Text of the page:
Greenlight Capital intensified its battle against General Motors, publishing credit ratings documents that it said the car manufacturer inappropriately changed to weaken the hedge fund’s proposal to produce two classes of GM stock.
Greenlight, which owns 3.6 percent of the automaker shares, has stated its dual share strategy would increase GM’s worth by creating a dividend class and a routine stock class known as capital appreciation shares.
In its proxy declaration last month, Greenlight stated GM substantially changed the plan’s term sheet before it existed to credit score agencies, a move the hedge fund stated was indicated to turn the firms against the structure.
On Thursday, Greenlight posted its initial term sheet, which it stated was given to the companies, together with an annotated file highlighting the modifications.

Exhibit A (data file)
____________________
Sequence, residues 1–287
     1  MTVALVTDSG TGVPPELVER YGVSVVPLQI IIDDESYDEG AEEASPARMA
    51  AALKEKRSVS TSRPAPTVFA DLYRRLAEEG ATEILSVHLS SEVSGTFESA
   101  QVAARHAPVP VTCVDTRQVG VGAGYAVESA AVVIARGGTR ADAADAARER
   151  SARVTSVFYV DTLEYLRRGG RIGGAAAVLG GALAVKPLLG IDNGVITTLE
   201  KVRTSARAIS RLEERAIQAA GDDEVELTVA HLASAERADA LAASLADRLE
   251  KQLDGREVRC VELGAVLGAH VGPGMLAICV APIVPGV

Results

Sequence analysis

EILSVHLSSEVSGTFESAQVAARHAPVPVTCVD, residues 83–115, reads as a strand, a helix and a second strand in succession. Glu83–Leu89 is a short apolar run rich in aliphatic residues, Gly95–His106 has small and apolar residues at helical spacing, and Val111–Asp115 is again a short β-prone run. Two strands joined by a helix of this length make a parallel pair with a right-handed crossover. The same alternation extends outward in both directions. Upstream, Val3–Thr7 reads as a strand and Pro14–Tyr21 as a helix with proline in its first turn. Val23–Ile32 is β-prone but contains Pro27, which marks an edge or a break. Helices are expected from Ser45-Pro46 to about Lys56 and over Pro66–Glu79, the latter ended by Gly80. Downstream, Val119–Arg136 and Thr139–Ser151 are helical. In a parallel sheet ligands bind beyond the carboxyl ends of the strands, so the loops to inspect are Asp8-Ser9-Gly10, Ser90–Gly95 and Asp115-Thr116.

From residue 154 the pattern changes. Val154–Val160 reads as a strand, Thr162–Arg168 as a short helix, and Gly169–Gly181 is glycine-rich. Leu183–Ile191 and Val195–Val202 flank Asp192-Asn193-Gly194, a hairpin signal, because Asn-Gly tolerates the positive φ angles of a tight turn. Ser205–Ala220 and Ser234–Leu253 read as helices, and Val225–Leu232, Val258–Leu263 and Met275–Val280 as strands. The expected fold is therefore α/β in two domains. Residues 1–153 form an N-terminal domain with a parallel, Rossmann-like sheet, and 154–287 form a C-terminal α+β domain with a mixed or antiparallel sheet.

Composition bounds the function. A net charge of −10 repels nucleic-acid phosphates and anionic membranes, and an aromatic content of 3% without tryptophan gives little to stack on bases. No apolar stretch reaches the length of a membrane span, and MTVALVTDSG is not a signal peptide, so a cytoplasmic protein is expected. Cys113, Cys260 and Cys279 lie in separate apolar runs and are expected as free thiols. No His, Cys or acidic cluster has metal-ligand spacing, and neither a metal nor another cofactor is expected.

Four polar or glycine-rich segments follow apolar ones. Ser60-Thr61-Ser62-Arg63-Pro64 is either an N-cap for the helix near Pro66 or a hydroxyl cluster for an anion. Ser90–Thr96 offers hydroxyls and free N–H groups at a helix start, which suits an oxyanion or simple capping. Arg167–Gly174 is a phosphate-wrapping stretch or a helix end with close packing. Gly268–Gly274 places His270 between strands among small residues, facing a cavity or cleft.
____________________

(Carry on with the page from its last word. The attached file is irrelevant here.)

“Our strategy does not have cumulative dividends,” hedge fund stated in among the annotations – mentioning an essential sticking point in the debate over the strategy. In another annotation, Greenlight underlined a modification from the original and said GM developed a term to misrepresent its strategy.
Greenlight, run by David Einhorn, argued that the dividend shares work as common equity and should not be dealt as debt.
GM has stated that since hedge fund’s strategy calls for the dividends on the dividend shares to be gotten ahead of capital appreciation share distributions, the structure is cumulative by definition. As per GM’s analysis, this suggests any dividends that build up in duration where there is no payout must be paid ahead of any distributions, consisting of share repurchases.
Ratings firms have agreed the company in judgment that the dividend class functions like a debt security, which could impact GM’s credit rating.
Greenlight in its annotated letter mentioned over 13 changes made to the actual term sheet.
GM said on Thursday that it provided details properly and responsibly to the ratings agencies, a declaration that Greenlight disagreed with in a afternoon response.